Wouldn't you know, teenagers don't invite Jesus to keggers. It's not that my classmates weren't friendly; it just wasn't a good mix (of course there were other factors to consider, like popularity and beauty). As an adult I see the hand of God and the heartbreak I escaped, but those were lonely times. I kept journals and spent much time alone with God pouring out my heart with a rawness and trust that became precious and comfortable.

A year of college was the real courage-maker: away from home for the first time, I knew no one. That year I spoke to worried, tearful parents, counselors, deans, RA's and young women caught in the clutches of other's sin. And as I carried a full load of classes and planned our wedding, the Lord restructured my priorities. Grades lost their luster. Sleep lost its attraction. Food brought no comfort. The things that once brought fear and anxiety faded with the reality of life. Sin. Brokenness. Despair. Burdens.

In and through it all, God kept showing Himself faithful. He provided a counselors, parents, and friends. Through prayer and constant time in His Word, I was fed enough to feed others. The loaves and fishes of my daily quiet time, Bible study, and chapel were broken off in pieces and fed, not only to my own soul, but to others as well. I found that Jesus is enough. He is there. He sees. He knows. He cares. And He sends help.There was nothing I could give or do to "fix" my friends' lives, help their parents, or family. But God could. In living out the truth of the vine and branches--being an extension of Christ as He ministered to and through me--became the foundation of courage. Courage is not about me or my experiences. Courage is based on the unending love, power, and grace of God through our Lord Jesus who never changes.

The object of faith is Jesus. The result of faith is not just courage, but hope. Freedom. Joy. Peace. God does not take us through difficulty simply to teach and try us (although that happens). He wants something better--something we would not gain any other way than when we come to the end of our own resources. He wants our obedience and trust because with them come fulfillment, satisfaction, and joy. That's what He wants us to experience--Himself.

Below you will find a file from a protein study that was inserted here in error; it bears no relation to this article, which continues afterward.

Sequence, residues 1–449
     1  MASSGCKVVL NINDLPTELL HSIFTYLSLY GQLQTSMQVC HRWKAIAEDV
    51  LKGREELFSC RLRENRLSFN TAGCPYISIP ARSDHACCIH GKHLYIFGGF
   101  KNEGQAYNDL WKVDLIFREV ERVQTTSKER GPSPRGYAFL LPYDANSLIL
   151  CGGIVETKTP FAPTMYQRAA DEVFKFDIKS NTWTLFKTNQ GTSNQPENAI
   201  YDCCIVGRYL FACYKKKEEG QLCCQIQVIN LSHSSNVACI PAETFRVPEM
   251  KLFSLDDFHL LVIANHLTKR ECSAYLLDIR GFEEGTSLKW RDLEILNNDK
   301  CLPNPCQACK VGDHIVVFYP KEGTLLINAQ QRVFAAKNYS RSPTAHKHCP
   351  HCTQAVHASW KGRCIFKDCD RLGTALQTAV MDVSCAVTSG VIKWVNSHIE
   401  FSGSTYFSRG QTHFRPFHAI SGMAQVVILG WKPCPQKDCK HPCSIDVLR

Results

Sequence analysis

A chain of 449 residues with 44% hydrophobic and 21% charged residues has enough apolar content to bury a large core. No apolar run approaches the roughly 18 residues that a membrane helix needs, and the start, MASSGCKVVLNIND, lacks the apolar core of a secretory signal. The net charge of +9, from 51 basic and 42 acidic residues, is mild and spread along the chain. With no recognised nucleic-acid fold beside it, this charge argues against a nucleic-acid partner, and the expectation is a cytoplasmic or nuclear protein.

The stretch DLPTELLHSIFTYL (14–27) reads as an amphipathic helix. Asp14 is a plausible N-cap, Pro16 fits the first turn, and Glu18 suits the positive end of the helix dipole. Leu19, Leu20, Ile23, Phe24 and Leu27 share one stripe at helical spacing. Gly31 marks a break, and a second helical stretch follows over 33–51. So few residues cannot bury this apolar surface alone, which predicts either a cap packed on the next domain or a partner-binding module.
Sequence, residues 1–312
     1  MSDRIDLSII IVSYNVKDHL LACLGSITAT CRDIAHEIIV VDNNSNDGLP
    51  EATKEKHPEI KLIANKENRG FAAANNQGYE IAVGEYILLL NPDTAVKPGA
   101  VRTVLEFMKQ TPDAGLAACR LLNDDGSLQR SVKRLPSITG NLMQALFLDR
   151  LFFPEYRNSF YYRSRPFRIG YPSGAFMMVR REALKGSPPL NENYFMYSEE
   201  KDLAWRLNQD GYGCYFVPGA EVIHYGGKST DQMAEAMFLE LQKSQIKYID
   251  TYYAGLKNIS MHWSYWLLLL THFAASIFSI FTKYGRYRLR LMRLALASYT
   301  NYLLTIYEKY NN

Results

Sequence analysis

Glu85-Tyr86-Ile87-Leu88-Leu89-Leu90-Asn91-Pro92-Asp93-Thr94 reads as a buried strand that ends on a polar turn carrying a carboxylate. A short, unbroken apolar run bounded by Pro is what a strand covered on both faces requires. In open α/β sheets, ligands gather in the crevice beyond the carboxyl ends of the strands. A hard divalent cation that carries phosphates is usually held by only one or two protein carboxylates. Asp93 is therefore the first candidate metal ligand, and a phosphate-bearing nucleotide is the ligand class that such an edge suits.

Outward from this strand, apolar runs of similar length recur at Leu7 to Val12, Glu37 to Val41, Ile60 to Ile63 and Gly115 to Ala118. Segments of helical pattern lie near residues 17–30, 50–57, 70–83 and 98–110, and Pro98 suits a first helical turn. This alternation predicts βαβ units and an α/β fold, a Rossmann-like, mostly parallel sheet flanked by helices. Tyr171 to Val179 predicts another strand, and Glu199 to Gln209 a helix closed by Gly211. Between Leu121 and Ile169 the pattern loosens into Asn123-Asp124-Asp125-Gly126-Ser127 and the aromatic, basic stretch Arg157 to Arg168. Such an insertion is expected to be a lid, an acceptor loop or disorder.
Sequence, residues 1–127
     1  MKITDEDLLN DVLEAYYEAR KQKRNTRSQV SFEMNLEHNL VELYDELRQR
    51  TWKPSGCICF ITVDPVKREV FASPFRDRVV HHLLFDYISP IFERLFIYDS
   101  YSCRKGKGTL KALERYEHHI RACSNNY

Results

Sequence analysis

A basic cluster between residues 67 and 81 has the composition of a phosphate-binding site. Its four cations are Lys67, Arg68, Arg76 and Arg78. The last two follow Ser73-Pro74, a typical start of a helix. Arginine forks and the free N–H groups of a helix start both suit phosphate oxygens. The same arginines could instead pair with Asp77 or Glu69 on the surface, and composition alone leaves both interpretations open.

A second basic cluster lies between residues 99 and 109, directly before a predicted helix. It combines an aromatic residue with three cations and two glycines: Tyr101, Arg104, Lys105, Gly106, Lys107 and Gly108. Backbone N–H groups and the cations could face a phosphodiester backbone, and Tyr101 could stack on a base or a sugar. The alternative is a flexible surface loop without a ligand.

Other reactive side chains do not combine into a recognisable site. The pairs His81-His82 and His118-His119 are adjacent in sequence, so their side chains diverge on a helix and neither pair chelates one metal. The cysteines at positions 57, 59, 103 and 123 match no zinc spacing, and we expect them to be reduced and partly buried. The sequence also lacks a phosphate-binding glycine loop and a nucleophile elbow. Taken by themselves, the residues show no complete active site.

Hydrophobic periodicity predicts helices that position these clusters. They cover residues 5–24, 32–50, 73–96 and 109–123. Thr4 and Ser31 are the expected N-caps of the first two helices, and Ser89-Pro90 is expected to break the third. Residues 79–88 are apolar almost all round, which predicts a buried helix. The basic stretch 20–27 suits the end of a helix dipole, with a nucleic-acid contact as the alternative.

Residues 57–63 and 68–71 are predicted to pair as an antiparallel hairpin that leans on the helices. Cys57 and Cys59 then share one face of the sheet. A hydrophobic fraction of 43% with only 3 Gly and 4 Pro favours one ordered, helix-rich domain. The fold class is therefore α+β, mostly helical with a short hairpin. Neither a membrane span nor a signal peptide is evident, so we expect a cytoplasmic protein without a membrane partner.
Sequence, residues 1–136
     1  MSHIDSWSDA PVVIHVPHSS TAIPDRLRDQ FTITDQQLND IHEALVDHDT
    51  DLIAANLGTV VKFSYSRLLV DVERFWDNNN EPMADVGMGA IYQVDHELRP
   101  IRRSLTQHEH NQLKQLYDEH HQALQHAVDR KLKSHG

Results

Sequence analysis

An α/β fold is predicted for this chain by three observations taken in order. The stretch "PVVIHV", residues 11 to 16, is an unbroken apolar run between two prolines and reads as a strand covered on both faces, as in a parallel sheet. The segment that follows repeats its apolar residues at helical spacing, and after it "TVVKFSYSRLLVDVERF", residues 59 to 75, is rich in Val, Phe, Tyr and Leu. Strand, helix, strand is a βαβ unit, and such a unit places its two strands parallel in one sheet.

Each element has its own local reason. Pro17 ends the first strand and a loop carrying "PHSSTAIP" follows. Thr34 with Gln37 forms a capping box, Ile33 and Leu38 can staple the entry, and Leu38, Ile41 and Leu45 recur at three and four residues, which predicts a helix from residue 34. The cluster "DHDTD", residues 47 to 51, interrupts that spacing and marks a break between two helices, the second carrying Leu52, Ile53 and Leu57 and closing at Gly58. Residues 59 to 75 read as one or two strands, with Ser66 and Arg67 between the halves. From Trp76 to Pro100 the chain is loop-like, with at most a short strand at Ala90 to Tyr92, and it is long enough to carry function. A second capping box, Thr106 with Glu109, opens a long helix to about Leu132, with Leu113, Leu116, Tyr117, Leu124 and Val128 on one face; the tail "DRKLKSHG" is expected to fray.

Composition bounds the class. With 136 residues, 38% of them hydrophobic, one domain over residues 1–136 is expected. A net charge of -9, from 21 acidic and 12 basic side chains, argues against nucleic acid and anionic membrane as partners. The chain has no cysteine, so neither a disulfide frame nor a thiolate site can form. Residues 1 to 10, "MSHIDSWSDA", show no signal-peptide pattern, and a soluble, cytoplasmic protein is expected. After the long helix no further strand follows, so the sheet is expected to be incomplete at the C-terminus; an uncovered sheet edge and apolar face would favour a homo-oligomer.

To realize that life is more than what I eat and wear, who I hang out with or how I am regarded, is to see God more clearly. His provision exceeds my need and it always will. Faith is stepping onward and upward based on who God is, believing He will provide. Courage is nothing more than faith in action. May you and I continue to walk in courage and faith, doing the impossible by His grace and in His loving care.

Now faith is confidence in what we hope for and assurance about what we do not see. This is what the ancients were commended for.

By faith we understand that the universe was formed at God’s command, so that what is seen was not made out of what was visible.

By faith Abel brought God a better offering than Cain did. By faith he was commended as righteous, when God spoke well of his offerings. And by faith Abel still speaks, even though he is dead.

By faith Enoch was taken from this life, so that he did not experience death: “He could not be found, because God had taken him away.” For before he was taken, he was commended as one who pleased God. And without faith it is impossible to please God, because anyone who comes to him must believe that he exists and that he rewards those who earnestly seek him.

By faith Noah, when warned about things not yet seen, in holy fear built an ark to save his family. By his faith he condemned the world and became heir of the righteousness that is in keeping with faith.

By faith Abraham, when called to go to a place he would later receive as his inheritance, obeyed and went, even though he did not know where he was going. By faith he made his home in the promised land like a stranger in a foreign country; he lived in tents, as did Isaac and Jacob, who were heirs with him of the same promise. For he was looking forward to the city with foundations, whose architect and builder is God. And by faith even Sarah, who was past childbearing age, was enabled to bear children because she considered him faithful who had made the promise. And so from this one man, and he as good as dead, came descendants as numerous as the stars in the sky and as countless as the sand on the seashore.

All these people were still living by faith when they died. They did not receive the things promised; they only saw them and welcomed them from a distance, admitting that they were foreigners and strangers on earth. People who say such things show that they are looking for a country of their own. If they had been thinking of the country they had left, they would have had opportunity to return. Instead, they were longing for a better country—a heavenly one. Therefore God is not ashamed to be called their God, for he has prepared a city for them.

By faith Abraham, when God tested him, offered Isaac as a sacrifice. He who had embraced the promises was about to sacrifice his one and only son, even though God had said to him, “It is through Isaac that your offspring will be reckoned.” Abraham reasoned that God could even raise the dead, and so in a manner of speaking he did receive Isaac back from death.